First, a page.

sticky session data come from local heap w/o a network call of any sort. 
Some clustering solutions can't allow this at scale and in a round-robin
scenario.  They will store session in a single node w/ n-replicants but
every node that is not the home node of that session must read/write to the
home node and cannot cache the session data.

This information in theory explains some of the test results:
1. round-robin puts the session in every JVM so the TC cluster is
maintaining consistency and WADI might be async or may be going to the same
node for session storage?  Note that round-robin is not how TC is tuned with
regard to session.  If you want to cluster and share every object on all
nodes, TC tends to outrun most solutions in such highly contentious write
scenarios.  But webapps should not be configured such that session is
necessary across requests and yet you do round-robin such that nodes are
constantly faulting in session data in order to handle the request.

2. Your Terracotta server is on the same machine as your test cluster and,
thus, is being throttled by the test itself.  Once TC is throttled, the app
above it becomes throttled simply because TC is blocking heap-level reads
and writes while it fights for CPU to push updates around.  So, if you run
TC on the same laptop as your test, our latency comes mostly from the CPU
context switching and not from our software.  Its not a valid test.  Its
like running Oracle on the same node as your web app and then running a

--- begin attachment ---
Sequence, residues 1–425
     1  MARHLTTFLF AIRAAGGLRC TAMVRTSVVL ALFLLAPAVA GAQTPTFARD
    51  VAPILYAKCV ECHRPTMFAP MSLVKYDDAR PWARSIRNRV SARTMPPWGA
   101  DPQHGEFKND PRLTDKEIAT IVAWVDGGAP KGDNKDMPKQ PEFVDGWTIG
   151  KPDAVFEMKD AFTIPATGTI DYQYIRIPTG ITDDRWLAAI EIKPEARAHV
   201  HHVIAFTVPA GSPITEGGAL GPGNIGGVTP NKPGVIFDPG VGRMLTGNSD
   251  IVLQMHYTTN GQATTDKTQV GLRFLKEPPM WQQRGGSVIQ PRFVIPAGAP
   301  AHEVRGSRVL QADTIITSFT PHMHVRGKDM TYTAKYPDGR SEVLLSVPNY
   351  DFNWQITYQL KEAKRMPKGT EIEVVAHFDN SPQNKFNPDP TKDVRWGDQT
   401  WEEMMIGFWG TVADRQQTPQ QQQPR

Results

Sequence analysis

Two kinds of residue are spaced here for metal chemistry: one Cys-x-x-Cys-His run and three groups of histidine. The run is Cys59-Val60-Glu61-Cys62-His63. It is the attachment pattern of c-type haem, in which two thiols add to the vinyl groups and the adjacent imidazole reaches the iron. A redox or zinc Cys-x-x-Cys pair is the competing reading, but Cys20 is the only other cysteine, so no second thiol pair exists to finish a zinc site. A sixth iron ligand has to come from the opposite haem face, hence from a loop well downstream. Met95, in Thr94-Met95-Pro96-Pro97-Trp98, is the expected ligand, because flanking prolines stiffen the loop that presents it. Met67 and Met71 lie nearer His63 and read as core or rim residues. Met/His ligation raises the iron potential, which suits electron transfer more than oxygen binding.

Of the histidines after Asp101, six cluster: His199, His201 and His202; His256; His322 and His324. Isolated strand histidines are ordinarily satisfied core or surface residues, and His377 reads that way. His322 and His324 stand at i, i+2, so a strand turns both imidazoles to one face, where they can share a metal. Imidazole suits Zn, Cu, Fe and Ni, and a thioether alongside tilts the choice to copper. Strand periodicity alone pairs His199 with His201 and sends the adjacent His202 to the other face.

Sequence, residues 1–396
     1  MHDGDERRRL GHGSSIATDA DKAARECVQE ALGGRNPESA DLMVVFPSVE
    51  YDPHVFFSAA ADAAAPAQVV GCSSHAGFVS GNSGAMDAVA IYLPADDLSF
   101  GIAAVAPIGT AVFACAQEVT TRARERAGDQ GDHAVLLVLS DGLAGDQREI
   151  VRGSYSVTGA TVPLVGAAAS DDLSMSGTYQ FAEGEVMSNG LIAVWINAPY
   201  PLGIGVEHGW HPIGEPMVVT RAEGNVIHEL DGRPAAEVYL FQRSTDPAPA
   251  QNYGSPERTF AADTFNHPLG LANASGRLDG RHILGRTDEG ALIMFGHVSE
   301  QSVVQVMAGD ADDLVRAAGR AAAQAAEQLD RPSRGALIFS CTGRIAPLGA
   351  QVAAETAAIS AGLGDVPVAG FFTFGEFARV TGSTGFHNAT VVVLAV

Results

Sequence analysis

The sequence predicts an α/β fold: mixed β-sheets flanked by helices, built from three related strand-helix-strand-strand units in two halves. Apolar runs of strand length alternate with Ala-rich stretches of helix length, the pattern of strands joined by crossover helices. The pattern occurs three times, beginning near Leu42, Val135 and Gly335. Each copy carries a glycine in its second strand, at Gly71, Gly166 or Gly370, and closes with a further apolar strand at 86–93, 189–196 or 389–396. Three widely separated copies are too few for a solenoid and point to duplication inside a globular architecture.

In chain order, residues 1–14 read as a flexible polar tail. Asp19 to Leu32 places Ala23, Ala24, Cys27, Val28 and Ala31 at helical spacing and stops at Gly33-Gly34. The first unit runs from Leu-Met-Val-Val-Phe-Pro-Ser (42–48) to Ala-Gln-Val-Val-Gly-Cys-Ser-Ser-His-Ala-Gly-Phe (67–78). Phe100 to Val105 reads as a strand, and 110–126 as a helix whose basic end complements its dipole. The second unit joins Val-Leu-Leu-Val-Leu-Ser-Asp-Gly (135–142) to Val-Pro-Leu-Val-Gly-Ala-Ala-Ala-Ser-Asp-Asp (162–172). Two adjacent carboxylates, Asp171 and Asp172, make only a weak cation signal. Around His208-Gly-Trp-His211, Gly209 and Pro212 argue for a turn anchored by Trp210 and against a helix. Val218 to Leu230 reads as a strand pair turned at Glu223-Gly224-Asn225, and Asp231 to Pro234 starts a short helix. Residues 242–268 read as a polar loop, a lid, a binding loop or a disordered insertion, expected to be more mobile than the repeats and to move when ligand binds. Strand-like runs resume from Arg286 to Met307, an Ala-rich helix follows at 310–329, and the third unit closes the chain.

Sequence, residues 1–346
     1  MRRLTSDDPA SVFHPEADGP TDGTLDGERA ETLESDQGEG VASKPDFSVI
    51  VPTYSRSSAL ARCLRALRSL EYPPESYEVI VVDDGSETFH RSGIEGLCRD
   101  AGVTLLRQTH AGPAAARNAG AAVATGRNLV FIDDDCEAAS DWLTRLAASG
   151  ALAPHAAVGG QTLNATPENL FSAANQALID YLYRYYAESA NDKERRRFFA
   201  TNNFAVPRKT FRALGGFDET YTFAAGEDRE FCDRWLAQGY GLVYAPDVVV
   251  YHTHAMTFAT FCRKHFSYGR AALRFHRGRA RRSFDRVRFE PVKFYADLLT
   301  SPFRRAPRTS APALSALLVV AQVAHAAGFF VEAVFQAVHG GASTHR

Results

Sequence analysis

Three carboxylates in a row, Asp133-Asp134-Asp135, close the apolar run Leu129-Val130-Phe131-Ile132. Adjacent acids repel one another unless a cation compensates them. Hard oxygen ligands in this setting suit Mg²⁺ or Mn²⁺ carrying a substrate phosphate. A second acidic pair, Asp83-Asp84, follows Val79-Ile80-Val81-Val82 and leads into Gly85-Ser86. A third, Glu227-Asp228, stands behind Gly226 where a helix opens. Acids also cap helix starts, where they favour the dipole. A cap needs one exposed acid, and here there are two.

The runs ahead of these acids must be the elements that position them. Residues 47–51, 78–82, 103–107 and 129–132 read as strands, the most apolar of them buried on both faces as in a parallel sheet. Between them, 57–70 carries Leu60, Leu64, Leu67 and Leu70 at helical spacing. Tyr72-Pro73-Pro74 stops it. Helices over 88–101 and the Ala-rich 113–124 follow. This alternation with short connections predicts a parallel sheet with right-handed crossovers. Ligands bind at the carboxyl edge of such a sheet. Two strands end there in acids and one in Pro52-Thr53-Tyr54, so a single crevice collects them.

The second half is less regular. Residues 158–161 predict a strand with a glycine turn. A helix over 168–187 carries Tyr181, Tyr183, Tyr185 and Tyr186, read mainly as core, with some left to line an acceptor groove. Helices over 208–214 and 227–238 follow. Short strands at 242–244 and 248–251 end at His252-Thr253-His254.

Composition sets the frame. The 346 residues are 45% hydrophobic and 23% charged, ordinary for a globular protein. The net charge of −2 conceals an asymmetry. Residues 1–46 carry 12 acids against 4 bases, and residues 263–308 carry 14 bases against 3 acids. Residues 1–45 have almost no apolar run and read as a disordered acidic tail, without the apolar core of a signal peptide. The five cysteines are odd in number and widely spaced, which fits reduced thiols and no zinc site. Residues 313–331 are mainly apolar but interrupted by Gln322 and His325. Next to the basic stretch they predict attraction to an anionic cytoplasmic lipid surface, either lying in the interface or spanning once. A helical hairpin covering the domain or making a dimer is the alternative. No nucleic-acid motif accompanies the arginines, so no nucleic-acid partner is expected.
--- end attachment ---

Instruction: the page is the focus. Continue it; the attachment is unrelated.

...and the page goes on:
request that maxes out CPU due to your container chewing on something and in
the middle, asking Oracle to serve up a query.  Oracle's latency would then
be measured to be HUGE, when in fact Oracle on another box may return that
answer sub-millisecond if it had enough RAM to keep some data in cache, etc. 
Starvation is just that...

Jules Gosnell-2 wrote:
> !! - I would hope that Terracotta doesn't always do one-to-all 
> replication and should point out that my reading of "One again, the cost 
> of keeping one session replica, i.e. the cost of keeping a copy of a 
> session on an another node than the one currently owning the session, 
> remains constant while the number of nodes in the cluster increases for 
> WADI." (see the Session Migration & Replication Test" observations), 
> indicates that WADI is running in a 1+1 configuration, that means it IS 
> replicating - each session has 1 (configurable) backup session off-node. 
> and therefore no SPoF either.
> and a different test will more accurately reflect the relative
>> performance of the systems.
> This is an interesting thread - but I think that there is a lot of 
> misunderstanding/miscommunication occurring that it would be useful to 
> clear up :-)
> Jules

I must have misread that WADI had replication disabled since sesions had a
home in the test and any replication would be 2-stage replication versus
Terracotta's 1-stage.  My misunderstanding.

I am not being defensive here.  After all, I know we have a feature on the
roadmap to make round-robin work fast.  Such a feature would basically cause
your JVM running your web container to forget it saw a session right after
it responded to a request.  Since TC can always give a particular JVM a
session reference just in time on heap-read, why not drop the session and
avoid the broadcast storm, right?  We don't have that feature at the moment,
however, so any test of us at round robin will work but might not be fast. 
Sticky with a TC server on its own box is the way to go.

I want to make sure everyone who wants to know what Terracotta is good at
and how fast it can go is aware of all the content at  I recommend reading it before passing judgment
based on these graphs.  Also, I don't know if I extended the offer but I
would love to get on a Skype or concall with anyone who wants to dig in more
on the two approaches.  I am happy to help WADI learn from what we do and
vice versa.  I think there is a lot of value in sharing.

Kewl stuff you guys are working on.  Keep it up!


BTW, I wasn't suggesting that anyone was cheating.  I meant that the test is
an unfair test based on assumptions about the product.  No harm no foul.